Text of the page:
Once I returned home, the routine started up again, and I found myself on the phone struggling with a problem.  I tried not to let it bother me, but it did.  All week it would pop up in my mind, and I would speak over the situation words of peace.  On Saturday, I decided to go on a long walk.  It gave me a chance to think about what was going on without distraction.  I had texted a friend of mine earlier in the day regarding the issue, and he said: “What are you not letting go of?”  As I walked along, I pondered that.  Why was I struggling so hard with this?  What was causing me anxiety and loss of sleep or waking up with my heart pounding? The conclusion was that I felt alone. I felt like I had to fight the fight on my own.  Without going into too much detail about the problem, I was being transferred from one agency to another by phone.  Being put on hold. Being disconnected.  No answers forthcoming.  Instead of hanging up, I held on.  Sadly, I wasted an hour on hold at one point and then a recorded message came on that let me know that ‘all our lines are busy, please call back later.’ Dial tone.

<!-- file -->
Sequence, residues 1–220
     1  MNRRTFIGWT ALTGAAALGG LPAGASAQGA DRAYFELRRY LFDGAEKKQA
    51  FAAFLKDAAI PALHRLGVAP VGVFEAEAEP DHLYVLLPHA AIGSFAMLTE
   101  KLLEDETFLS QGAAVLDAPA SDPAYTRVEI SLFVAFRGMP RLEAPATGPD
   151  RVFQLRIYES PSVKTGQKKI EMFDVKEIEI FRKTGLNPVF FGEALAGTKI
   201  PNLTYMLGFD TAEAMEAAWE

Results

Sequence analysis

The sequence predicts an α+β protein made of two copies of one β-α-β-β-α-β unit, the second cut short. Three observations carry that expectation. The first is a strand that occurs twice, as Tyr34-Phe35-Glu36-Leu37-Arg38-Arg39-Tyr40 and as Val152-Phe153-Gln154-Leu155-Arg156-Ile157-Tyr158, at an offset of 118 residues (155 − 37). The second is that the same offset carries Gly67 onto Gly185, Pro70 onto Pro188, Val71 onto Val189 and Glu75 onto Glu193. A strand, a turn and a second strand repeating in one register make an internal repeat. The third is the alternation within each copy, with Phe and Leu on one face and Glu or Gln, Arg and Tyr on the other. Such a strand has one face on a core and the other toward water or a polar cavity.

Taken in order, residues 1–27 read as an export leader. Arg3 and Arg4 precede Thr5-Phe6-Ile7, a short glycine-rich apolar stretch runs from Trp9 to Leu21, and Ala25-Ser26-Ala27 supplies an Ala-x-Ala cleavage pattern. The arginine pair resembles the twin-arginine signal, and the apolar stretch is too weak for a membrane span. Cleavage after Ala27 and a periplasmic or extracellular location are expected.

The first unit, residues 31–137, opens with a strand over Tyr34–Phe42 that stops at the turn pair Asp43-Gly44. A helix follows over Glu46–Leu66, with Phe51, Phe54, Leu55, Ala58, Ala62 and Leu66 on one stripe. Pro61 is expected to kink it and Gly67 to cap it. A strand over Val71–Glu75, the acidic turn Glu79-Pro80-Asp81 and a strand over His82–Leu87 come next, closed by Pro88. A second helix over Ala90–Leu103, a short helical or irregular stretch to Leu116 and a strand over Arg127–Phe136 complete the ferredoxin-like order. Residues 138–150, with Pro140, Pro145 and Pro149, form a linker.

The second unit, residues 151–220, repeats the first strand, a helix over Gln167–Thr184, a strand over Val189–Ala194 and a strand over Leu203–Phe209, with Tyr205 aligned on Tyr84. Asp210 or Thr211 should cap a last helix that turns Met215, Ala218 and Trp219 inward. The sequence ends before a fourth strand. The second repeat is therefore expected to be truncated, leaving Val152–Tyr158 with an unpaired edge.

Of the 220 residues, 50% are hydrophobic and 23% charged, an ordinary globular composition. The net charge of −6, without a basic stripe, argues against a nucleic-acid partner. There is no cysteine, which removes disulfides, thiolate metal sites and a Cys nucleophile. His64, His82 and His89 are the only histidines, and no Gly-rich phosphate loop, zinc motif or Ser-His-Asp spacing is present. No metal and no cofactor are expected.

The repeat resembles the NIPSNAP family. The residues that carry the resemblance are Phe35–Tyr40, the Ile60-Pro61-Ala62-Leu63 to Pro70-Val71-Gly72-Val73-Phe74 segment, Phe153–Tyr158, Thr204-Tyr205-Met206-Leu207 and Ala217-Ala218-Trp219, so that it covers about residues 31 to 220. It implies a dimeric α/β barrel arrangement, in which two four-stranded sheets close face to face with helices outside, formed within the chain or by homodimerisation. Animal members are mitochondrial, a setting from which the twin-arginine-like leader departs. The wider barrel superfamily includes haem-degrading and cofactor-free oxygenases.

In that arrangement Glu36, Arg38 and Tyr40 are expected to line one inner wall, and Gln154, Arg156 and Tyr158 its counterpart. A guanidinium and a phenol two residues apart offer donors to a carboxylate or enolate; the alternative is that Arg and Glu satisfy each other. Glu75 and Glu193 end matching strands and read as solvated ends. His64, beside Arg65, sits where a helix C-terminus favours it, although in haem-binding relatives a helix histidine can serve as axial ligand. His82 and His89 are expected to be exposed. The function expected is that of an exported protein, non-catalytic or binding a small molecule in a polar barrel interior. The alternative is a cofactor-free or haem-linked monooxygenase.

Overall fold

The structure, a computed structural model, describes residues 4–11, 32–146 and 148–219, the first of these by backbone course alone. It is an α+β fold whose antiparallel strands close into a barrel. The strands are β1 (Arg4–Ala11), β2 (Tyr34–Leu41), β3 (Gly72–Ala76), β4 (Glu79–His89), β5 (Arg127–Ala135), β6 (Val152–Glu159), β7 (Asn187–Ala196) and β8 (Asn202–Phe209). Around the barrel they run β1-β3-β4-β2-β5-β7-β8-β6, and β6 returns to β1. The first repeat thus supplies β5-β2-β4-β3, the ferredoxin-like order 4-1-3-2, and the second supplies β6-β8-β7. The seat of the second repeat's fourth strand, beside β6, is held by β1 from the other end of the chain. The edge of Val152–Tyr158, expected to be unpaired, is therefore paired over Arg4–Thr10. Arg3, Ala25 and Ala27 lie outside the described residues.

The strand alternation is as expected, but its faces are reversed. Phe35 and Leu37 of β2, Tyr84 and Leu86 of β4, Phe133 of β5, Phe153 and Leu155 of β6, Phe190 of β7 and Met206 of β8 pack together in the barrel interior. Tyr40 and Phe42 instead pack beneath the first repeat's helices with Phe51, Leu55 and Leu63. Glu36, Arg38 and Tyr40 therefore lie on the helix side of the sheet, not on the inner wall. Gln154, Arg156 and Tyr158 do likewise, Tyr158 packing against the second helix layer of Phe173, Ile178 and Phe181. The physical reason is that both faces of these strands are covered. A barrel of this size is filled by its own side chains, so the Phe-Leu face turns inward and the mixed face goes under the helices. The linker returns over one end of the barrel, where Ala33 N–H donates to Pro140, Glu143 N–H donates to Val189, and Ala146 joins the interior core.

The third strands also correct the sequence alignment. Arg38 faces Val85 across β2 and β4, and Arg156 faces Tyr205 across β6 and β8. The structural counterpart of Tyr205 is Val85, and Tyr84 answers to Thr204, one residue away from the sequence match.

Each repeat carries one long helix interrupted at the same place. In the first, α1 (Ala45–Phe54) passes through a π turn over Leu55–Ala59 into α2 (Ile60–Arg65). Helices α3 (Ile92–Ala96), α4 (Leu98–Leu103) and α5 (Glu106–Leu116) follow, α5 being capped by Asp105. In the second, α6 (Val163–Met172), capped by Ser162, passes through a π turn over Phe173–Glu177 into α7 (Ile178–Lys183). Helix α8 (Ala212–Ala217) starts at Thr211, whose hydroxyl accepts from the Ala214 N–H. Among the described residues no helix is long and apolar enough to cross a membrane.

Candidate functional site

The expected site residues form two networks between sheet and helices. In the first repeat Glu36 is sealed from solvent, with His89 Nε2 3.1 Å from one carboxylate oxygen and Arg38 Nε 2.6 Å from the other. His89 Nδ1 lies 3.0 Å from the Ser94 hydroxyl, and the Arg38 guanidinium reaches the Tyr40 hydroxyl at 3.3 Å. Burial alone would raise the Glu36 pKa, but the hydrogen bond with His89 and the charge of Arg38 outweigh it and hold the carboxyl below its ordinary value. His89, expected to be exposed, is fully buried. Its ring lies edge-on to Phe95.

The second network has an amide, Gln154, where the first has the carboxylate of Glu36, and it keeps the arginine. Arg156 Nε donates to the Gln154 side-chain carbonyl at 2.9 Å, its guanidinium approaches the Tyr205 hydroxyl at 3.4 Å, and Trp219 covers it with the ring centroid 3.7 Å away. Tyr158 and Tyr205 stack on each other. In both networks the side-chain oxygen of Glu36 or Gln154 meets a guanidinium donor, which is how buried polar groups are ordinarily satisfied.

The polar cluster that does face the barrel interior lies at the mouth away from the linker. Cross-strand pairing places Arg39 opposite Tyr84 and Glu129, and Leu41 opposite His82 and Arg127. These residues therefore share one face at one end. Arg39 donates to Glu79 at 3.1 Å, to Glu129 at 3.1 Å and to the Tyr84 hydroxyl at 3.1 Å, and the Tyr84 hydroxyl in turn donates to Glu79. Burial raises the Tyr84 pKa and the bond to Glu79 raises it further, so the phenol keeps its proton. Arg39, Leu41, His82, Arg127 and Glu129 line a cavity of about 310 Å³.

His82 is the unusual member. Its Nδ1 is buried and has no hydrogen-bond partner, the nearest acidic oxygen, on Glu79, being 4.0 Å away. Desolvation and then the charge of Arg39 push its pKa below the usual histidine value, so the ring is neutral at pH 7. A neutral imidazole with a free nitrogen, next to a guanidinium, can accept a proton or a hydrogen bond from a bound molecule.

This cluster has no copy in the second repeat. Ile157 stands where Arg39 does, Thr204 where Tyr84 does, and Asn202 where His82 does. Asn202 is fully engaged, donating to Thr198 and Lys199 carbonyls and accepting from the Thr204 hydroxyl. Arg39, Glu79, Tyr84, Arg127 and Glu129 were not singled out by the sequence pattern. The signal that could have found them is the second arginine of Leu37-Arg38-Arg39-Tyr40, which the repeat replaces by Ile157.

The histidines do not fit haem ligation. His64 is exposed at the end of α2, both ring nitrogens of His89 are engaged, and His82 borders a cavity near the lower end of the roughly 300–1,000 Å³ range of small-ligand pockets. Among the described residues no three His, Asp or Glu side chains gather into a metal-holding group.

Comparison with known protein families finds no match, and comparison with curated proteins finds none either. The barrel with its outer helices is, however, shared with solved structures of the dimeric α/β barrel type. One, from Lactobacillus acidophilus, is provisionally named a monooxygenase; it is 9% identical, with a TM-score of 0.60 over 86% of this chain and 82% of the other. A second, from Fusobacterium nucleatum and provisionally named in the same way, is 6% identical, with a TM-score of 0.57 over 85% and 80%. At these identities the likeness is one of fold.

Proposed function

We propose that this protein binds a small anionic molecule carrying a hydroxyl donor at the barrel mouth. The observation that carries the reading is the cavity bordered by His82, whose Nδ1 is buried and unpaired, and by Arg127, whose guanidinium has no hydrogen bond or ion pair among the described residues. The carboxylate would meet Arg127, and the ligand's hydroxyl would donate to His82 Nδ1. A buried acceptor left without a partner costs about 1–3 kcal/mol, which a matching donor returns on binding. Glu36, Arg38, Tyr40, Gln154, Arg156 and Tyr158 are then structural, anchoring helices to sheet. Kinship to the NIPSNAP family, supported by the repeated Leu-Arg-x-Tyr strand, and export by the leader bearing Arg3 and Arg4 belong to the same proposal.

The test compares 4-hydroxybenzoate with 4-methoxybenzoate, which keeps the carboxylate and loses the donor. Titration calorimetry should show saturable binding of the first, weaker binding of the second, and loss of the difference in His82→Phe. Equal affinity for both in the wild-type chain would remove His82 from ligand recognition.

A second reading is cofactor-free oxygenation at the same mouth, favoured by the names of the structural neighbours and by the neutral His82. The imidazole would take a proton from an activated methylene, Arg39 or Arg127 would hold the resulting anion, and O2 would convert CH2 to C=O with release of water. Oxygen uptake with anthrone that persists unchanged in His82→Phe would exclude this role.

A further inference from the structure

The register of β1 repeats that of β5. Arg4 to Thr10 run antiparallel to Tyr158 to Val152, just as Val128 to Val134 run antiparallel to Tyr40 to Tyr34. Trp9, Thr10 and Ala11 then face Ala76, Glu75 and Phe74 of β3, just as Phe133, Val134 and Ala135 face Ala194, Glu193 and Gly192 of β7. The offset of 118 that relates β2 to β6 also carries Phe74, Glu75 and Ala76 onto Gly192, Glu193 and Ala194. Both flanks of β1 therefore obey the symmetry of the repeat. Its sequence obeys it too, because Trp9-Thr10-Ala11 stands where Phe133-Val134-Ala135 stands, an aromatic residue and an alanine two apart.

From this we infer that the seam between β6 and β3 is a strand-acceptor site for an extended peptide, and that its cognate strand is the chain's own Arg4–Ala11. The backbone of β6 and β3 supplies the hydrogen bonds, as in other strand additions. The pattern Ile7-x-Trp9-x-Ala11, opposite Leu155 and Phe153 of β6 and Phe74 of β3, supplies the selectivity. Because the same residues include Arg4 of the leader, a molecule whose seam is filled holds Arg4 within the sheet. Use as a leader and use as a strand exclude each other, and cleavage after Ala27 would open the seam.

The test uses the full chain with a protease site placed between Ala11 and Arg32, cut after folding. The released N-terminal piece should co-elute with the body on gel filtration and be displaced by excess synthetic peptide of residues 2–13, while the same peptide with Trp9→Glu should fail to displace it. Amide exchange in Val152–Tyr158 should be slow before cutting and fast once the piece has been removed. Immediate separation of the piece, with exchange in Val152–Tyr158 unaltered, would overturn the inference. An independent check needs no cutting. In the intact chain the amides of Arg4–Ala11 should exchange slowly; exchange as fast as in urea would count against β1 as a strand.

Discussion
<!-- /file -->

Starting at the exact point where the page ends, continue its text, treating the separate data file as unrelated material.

I began to think about the condo we had just stayed in and the thought went through my mind, “While you were on vacation, wouldn’t it have been ridiculous to do the job of the hired help?”  I laughed at the thought of being on vacation and making everyone’s beds, vacuuming the hallways and taking out the trash.  It wasn’t necessary for me to do so because the condo had maids and staff to meet our every whim. Many times while there I was asked how our stay was and if there was anything we needed.  We would come back from a long day out exploring and find fresh towels and emptied trash containers.  It was simply done for us.  The help was there to do it for us. It was supplied.